Nature’s Profligacy


I am spending the last day of childcare deep in thesis reading. We had a rather ostentatious thunderstorm this morning, which broke the heat wave, and I am cuddled under a blanket because the fan is still blowing full force on me, but I am too settled into this couch to move my lap desk, cross the room, and turn it off. All I can see out the window are trees and clouds and the occasional swooping bird. This is, I think, the perfect way to read Annie Dillard.

“Nature is, above all, profligate. Don’t believe them when they tell you how economical and thrifty nature is, whose leaves return to the soil. Wouldn’t it be cheaper to leave them on the tree in the first place? This deciduous business alone is a radical scheme, the brainchild of a deranged manic-depressive with limitless capital. Extravagance! Nature will try anything once. This is what the sign of the insects says. No form is too gruesome, no behavior too grotesque. If you’re dealing with organic compounds, then let them combine. If it works, if it quickens, set it clacking in the grass; there’s always room for one more; you ain’t so handsome yourself. This is a spendthrift economy; though nothing is lost, all is spent.”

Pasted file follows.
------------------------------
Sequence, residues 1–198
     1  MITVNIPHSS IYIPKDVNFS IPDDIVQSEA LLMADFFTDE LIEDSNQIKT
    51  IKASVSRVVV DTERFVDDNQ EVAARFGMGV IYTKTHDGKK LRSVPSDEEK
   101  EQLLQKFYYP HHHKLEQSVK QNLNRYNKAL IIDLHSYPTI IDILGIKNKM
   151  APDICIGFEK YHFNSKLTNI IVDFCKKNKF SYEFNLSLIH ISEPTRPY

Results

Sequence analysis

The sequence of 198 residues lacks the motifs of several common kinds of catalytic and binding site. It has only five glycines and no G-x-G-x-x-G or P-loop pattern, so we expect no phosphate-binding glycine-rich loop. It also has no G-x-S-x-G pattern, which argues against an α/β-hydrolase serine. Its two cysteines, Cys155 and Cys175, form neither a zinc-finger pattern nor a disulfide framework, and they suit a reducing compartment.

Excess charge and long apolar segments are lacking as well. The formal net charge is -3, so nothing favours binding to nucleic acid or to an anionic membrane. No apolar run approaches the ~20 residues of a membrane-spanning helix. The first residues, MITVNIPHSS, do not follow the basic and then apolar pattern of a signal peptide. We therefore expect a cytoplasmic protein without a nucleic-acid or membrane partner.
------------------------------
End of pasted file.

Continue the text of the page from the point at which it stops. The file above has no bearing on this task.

— Annie Dillard, Pilgrim at Tinker Creek

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